#1
I admit to having no ear for music, but my technical level is getting pretty good and my theory knowledge is pretty strong. When you're writing for lead guitar, when is the point where boxes and scales actually help? Does one note really follow another note better than some other random note? I've been seeing an increasing amount of guitarists who learn scales and then just throw them away and play what sounds good. If that's the case, why did I learn all that theory? How can I use a scale to improve writing lead, as opposed to just finding what sounds right?

One more question- are there any ways to figure out what note naturally plays off of the previous note by using a system? Like, it makes little sense to me to follow F with Gb in the next fret because the notes don't progress quickly enough, but are some notes "better" than others in the context of the music?
Last edited by eminentgonz at Aug 7, 2007,
#2
I've been watching this earlier, and it seems like it could be useful to you:

http://video.google.co.uk/videoplay?docid=5777562536751428345&q=marty+friedman+melodic+control&total=11&start=0&num=10&so=0&type=search&plindex=0

How to write lead guitar eh? My tip is just to fiddle around with the scale. That way you'll learn to find licks and runs that sound good to YOUR ear, instead of learning someone elses licks.
#3
Quote by Jehuty
I've been watching this earlier, and it seems like it could be useful to you:

http://video.google.co.uk/videoplay?docid=5777562536751428345&q=marty+friedman+melodic+control&total=11&start=0&num=10&so=0&type=search&plindex=0

How to write lead guitar eh? My tip is just to fiddle around with the scale. That way you'll learn to find licks and runs that sound good to YOUR ear, instead of learning someone elses licks.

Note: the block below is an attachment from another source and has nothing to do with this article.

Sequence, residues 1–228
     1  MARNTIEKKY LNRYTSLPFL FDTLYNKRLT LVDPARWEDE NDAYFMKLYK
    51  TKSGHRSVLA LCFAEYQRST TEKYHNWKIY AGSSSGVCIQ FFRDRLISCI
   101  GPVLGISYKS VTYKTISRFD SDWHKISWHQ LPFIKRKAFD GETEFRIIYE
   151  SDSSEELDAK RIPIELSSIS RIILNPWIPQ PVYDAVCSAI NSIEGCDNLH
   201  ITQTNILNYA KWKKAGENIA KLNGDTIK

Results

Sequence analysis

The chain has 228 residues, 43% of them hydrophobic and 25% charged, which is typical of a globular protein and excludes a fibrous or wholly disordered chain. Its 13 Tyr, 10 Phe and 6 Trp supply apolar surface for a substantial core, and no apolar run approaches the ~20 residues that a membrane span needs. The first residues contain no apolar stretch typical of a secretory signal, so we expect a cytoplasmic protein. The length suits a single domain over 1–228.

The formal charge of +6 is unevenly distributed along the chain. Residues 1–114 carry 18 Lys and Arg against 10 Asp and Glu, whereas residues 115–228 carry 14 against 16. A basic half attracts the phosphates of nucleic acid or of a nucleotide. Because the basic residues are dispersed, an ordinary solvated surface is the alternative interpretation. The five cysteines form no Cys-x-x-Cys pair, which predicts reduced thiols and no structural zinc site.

That guy is ridiculously talented. I'm watching it now.
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#4
lmao, yeah, THAT is the video you want for playing lead. marty friedman is tha shizzle.
#5
In all fairness, what I'm about to type may come off as slightly queer...Your best bet, in terms of playing lead guitar, is probably NOT to write your solos. I have found that improvising tends to lend itself to playing lead guitar. Solos that are written will always sound like just that, written. Improvised solos will contain many peaks and valleys that a written solo just will not have. Your emotions will flow into your lead lines as your mood sways throughout the course of your solo. As for the use of scales, I believe that everyone should be versed in music theory (every musician that is). Use scales as a guide, but do not use them as a rule. Scales are just a device to allow you to convey your melodies in the proper key, however, never be afraid to break out of that box! Solos always come off better when the guitarist playing them improvises following his emotions, and never gets stuck in that damn box.
#6
Quote by CobAtr